Scott R. Chaiet, MD is a resident in the Otolaryngology Head and Neck Surgery Division of the University of Wisconsin Hospital and Clinics. He joined MMFC in January for our 5th surgical trip to Phalodi, Rajasthan, India. Scott’s participation was made possible through AAO-HNSF, the American Association of Otolaryngologists and Head Neck Surgery Foundation and the generous financial support of the Alcon Foundation. We are proud to welcome Scott to MMFC and to share his words with you.
There once was a woman who grew up in the poor northwest state Rajasthan, India about 300km from the Pakistani border, who was granted a chance to move to North America with her best friend where they would both attend medical school, establish prosperous careers at Memorial Sloan Kettering, and even work in a makeshift laboratory space above an Ohio slaughter house to harvest pig pancreatic islet cells for research. In a selfless move, Kanti Jain (her family name for the obscure religion) and her friend Shareen would give up their careers to return to their home of Phalodi to take over a small clinic Kanti’s sister had started before succumbing to cancer. The clinic would evolve into a hospital with dormitory space to house poor family members, a school for the local poor children and those of other professionals who returned to the region, but even this was not enough for Khanti. She created work training programs to empower women, built a dialysis center, and procured a rural mobile vaccination unit that to date has administered approximately 100,000 vaccines. She also partnered with Medical Missions for Children (MMFC), a Boston-based international charity that sends teams of surgeons around the world to remote areas like Phalodi to provide free cleft surgeries.
It’s difficult to capture the feelings of gratitude, respect, and admiration I have gained for these two women and their extended family who work together, but as I journey home reflecting on a personally successful week, it does not seem worthy to give myself even a small pat on the back or receive a “job well done” in the shadows of Khanti or Shareen.
But the week was truly amazing. As a surgeon, I gained two mentors who gave me 24/7 access to their knowledge of surgical skills and humanitarian aid with some subtle teasing and resident abuse, in exchange for my incessant questions during our 35 procedures over 2 half-days and 3 full-days in the operating room. Farhad Sigari selflessly gives up multiple weeks of his year for MMFC missions, not from a large well-established practice, but from his new solo otolaryngology practice. And Merry Sebilik, an academic Head & Neck Surgeon in Memphis, I can really credit for getting me on this trip (I received a grant from her Academy committee and personally received her words of advice at the 2010 Annual Meeting, not knowing the connection until this week). Merry has renewed my passion for teaching, leadership, humanitarianism, and will probably get credit for inspiring me to make many more surgical trips with MMFC.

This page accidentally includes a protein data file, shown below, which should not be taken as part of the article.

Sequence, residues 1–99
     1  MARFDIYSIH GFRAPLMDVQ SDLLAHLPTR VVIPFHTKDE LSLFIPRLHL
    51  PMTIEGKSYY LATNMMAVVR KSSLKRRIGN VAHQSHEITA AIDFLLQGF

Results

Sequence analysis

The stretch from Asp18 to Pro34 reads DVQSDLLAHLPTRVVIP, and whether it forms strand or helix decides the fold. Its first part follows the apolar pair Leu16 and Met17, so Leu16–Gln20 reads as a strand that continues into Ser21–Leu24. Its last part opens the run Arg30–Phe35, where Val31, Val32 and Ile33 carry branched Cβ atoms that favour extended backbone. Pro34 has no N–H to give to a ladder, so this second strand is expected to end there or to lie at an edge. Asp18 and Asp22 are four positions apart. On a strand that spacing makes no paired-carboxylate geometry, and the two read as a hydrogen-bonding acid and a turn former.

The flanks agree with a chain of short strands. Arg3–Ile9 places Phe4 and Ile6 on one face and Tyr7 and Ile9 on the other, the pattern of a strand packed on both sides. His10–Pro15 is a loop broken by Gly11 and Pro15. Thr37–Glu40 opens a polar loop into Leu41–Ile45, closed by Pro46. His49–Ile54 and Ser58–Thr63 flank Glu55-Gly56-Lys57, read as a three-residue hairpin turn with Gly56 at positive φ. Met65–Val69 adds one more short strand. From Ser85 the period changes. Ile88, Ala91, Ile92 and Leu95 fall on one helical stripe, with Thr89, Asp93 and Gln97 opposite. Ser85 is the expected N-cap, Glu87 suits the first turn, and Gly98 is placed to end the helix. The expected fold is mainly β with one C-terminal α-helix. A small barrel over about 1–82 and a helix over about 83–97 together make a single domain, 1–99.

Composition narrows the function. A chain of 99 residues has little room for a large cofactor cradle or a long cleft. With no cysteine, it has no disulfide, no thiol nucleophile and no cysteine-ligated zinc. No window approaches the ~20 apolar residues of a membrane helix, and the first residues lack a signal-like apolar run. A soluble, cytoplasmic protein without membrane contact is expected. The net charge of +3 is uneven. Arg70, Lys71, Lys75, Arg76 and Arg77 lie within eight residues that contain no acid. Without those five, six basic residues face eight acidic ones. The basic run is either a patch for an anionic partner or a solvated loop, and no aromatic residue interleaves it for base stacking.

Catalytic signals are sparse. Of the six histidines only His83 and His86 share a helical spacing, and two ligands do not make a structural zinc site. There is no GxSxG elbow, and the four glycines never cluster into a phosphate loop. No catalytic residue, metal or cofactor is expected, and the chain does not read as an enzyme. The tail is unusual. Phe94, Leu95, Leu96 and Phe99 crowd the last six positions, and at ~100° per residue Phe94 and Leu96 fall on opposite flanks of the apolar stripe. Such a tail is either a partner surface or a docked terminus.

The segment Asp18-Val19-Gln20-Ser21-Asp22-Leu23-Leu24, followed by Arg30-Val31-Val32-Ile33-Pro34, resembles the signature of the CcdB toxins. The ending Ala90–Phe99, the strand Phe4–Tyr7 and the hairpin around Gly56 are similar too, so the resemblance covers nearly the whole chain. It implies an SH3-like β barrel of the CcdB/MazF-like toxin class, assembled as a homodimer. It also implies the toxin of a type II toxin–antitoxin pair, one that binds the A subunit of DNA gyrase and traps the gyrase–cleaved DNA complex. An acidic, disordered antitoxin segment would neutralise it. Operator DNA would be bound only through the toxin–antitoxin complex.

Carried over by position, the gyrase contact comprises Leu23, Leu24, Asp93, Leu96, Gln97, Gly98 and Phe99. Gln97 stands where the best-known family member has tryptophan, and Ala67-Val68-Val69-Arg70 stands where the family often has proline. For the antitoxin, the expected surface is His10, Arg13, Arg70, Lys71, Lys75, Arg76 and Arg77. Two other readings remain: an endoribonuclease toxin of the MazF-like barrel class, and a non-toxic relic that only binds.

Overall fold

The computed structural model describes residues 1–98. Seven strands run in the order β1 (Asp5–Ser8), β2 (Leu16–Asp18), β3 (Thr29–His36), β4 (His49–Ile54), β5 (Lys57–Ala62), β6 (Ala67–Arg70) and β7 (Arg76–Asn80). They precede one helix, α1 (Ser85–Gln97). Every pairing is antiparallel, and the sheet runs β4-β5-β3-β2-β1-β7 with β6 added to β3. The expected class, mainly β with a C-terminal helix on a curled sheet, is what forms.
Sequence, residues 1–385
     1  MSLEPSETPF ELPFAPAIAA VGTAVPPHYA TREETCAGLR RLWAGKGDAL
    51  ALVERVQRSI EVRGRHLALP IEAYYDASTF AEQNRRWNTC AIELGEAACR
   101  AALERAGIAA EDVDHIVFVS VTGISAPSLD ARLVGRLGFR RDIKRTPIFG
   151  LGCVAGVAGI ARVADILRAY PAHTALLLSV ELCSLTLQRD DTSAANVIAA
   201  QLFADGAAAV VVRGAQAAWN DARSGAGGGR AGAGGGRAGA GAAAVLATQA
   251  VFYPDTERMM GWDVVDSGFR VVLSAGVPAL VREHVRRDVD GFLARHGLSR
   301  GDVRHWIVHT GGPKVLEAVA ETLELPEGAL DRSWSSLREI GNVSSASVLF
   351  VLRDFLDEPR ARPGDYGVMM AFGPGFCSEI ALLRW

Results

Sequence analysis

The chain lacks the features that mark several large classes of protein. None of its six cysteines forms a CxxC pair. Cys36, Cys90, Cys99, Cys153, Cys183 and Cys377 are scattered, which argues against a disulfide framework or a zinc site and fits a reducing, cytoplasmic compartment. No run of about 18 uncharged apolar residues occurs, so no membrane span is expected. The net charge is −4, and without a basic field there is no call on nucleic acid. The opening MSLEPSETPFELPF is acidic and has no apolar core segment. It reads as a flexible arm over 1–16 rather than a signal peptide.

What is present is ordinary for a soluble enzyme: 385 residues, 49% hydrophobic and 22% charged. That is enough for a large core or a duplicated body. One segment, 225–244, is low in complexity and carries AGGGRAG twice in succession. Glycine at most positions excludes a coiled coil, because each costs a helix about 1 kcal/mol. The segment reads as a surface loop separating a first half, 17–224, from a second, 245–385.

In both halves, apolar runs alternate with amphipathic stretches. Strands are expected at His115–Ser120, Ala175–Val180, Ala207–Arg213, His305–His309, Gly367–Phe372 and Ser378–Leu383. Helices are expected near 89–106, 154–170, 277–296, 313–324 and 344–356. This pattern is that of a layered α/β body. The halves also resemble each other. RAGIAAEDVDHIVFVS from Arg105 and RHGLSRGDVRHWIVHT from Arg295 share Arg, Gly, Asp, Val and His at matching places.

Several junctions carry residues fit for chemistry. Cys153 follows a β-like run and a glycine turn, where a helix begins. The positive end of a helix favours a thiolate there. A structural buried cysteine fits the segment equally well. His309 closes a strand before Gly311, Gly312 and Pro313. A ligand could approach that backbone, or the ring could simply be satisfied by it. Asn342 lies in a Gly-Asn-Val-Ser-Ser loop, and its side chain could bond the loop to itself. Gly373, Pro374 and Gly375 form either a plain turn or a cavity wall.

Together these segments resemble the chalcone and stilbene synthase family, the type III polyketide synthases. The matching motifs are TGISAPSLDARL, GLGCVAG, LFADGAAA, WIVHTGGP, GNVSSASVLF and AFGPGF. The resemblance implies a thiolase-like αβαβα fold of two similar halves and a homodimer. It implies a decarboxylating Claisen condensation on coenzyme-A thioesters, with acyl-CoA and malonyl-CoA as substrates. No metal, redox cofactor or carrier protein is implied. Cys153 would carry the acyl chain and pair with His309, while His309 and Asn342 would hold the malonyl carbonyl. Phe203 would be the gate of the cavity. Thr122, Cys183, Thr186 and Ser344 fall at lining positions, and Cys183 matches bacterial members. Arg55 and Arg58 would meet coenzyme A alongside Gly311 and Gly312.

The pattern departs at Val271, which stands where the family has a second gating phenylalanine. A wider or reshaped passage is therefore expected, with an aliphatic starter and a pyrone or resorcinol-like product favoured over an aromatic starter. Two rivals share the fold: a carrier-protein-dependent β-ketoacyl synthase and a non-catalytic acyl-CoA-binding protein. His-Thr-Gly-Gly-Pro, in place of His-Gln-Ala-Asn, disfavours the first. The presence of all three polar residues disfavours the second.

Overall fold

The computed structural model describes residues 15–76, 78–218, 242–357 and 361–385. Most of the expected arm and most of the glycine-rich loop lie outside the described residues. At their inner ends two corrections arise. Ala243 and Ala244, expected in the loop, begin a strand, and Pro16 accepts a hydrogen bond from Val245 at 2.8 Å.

Seven other MMFC members led by pediatric gastroenterologist, Helen John-Kelly, MD each helped create a lean mean patient care machine, and took the time to teach the new guy in a remarkable drama-free week that centered on patient care, food, masala chai tea, Kingfisher beer, and more food.
One child who made a particular impression on me was named Ganesh. I worked with Merry Sebelik on Thursday to repair his bilateral cleft lip. The name Ganesh is one of the Hindi gods that is based on an elephant and is good luck (we even had a stuffed animal Ganesh hanging from the anesthesia machine at the hospital). The boy’s double-clefted smile captured the heart of the whole team and I was lucky to get a few photos with him in his near celebrity status. His sister, also adorable, had her lip repaired one year ago and got her palate closed the day before her baby brother had his lip repaired.
I want to thank my mentor and biggest supporter Ben Marcus and my program for making this trip possible. On behalf of the children of Phalodi who received this life-changing surgery, my deepest gratitite to AAO-HNSF and the Alcove Foundation for funding my participation. I look forward to continuing my humanitarian work with MMFC on many future trips.
Scott Chaiet, MD